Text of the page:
Levastiel picked up his book and tried to find his place. He wasn’t sure why it took him so long, it was the exact place he found five minutes ago, and ten minutes before that. He finally had to admit the truth: he wasn’t in the mood to read.

It’s not that the book was bad. Indeed, the author probably would have won awards for it if he had lived long enough to finish it. But after almost three days of nothing but reading, he was getting a little tired of it. He usually worked Mondays, which was enough to get him in a reading mood for Tuesday. Veriel had taken his shift that Monday, though, in exchange for him taking Veriel’s Tuesday shift the week before, and now Levastiel had no idea what to do with himself.

“Laundriel,” a voice called out. He turned to see what was likely one of the oddest sights in all of creation, but it had become so routine to him, he scarcely noticed. She-Who-Slips-Between-The-Shadows-At-Midnight was still a demon. She still had horns, and goat legs, and skin the color of blood. But she wore the shimmering white robes of the cherubim wore, even if she somehow managed to show significantly more skin than any other angel, and if you squinted just right, you could see a faint glow framing her head.

“Your halo is coming along nicely, Midnight,” Levastiel told her with a smile.

“Tell me something I don’t know,” she said, non-chalantly, but a smile touched the ends of her mouth. Levastiel would have been willing to bet (if angels weren’t above such things) that she was blushing, but it was impossible to tell with her skin.

“How’s the book?” she asked.

“It’s all right, I suppose,” he said. “I mean, it’s great, really, I just haven’t really…” He trailed off.

Midnight laughed. “You actually miss working, don’t you?”

He felt oddly insulted by that. “Service to heaven is the greatest reward.”

“No, fabric softener is the greatest reward.” She grinned, fingering the edge of one sleevebetween two black nails. He noticed she had filed away the sharp claws. That must have taken some effort.

“Are you getting along with the Cherubim?” he asked.

The smile became a little strained. “I’m doing all right. Everyone looks at me weird, but… they’re nice about it. They look embarassed if they notice me noticing, and a lot of them have even apologized.”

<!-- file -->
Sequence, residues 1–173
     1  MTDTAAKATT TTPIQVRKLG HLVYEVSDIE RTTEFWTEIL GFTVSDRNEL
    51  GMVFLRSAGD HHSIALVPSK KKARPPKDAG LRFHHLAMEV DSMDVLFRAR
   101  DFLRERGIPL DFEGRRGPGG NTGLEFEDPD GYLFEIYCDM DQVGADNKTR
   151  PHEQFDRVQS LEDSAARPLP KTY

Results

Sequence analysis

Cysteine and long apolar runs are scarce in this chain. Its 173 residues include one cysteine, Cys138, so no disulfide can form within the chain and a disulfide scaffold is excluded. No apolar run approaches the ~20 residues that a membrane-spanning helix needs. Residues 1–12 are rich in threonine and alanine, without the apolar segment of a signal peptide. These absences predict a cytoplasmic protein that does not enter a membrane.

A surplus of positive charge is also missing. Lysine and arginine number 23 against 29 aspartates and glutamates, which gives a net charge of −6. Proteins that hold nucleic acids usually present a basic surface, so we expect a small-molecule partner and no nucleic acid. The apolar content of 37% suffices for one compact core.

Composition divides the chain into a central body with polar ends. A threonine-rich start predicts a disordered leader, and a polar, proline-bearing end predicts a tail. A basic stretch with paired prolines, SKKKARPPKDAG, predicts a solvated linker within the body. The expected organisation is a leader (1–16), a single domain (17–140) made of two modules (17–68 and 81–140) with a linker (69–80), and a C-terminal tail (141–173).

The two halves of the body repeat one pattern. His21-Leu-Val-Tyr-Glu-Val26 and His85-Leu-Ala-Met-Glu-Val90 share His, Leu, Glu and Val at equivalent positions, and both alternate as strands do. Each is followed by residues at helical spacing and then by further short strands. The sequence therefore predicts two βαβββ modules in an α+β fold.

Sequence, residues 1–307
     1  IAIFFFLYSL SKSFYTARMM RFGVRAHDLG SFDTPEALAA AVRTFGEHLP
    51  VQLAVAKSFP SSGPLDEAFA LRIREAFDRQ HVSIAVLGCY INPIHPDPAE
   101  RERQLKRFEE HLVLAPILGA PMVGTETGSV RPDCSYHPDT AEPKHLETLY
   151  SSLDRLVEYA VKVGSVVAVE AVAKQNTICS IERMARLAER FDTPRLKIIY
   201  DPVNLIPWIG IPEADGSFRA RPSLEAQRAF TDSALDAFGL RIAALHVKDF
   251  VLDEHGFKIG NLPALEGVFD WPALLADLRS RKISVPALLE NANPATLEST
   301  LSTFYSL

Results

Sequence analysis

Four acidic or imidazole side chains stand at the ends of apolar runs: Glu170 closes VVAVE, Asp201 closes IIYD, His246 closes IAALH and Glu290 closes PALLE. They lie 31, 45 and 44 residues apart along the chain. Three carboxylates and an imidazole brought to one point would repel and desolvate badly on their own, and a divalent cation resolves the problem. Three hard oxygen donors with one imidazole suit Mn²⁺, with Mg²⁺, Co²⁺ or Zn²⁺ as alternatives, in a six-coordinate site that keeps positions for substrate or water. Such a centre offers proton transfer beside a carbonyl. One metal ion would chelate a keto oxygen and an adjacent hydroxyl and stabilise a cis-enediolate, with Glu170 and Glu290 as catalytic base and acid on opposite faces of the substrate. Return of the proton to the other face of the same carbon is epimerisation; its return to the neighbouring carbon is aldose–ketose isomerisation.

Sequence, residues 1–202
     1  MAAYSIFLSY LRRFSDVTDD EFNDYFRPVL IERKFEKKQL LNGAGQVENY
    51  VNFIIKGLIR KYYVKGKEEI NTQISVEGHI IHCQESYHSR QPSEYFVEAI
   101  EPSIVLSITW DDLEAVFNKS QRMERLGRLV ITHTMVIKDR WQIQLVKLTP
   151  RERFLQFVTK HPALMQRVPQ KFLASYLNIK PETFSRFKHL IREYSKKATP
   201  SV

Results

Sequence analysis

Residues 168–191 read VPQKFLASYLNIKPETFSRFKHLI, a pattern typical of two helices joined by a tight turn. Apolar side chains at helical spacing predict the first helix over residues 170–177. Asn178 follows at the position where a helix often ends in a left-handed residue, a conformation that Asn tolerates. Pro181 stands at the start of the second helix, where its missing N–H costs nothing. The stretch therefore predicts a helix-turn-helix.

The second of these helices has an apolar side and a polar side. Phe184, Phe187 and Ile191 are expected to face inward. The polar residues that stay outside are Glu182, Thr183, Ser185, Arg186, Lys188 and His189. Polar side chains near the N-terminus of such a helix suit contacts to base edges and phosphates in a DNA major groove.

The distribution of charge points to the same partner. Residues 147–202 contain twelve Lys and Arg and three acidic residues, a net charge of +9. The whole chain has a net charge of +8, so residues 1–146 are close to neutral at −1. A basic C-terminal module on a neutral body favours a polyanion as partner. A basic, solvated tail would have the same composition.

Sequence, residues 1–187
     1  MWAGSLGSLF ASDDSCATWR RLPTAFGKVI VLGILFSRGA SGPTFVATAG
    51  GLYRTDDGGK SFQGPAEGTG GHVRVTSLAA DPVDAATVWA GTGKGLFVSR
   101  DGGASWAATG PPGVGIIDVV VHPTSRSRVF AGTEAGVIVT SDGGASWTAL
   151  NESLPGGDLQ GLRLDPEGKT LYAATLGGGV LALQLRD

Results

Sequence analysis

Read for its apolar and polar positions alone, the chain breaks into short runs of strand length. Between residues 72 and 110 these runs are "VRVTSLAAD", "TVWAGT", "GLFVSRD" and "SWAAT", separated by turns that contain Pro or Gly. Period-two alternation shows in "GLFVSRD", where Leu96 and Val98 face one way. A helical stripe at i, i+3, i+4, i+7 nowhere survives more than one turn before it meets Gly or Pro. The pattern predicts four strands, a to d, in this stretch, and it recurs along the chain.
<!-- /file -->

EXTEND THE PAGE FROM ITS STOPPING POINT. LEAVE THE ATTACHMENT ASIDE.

“It’ll all seem normal soon enough.” He thought of his own reaction to her, or lack thereof.

“A demon working for heaven? Or people being nice?”

Levastiel shrugged. “Both, I guess.” She let out a sigh. “I do miss tempting people, though. I’m not made for all this filing crap. No offense, Levastiel.”

“None taken.”

“Do you think when my halo’s fully formed, I could trasferred to Temptations?”

He raised an eyebrow at her. “We don’t have a Temptations office.”

“Why not?”

“You can’t just tempt somebody to be good. If you’re good for the wrong reasons, it doesn’t really count.”

She gave him a devilish1 grin. “That’s the challenge part. Getting someone to do something good because it’s in their best interests is easy. The trick is slowly manipulating them so they start doing something good because it’s good. Let me show you. Then you can tell the boss-abim how clever and forward-thinking I am.”

1 A devilish grin is distinct from a demonic grin in that while a demonic grin indicate that the grinner is plotting terrible things for you, a devilish grin suggests you’ll at least enjoy it.

Levastiel frowned. “I can’t. You’re still on probation. You’re not allowed to influence people.”

“I didn’t have a person in mind. I was thinking more along the lines of the Ravager.”

Levastiel shuddered at the memories of the demon’s horrible voice, but he had to admit that after a few beers, the demon wasn’t bad company. “You’re going to Save the Ravager?”

Midnight’s grin grew even wider. “I’m not. You are.”

Levastiel laughed at that, although it came out a little strained. “I think you’ve got the wrong angel for that.”

“No, you’re just the angel to do it. Come on, ever since you told him about days off, he skips work to go drinking every Tuesday. Let’s see how he reacts to you having too much free time.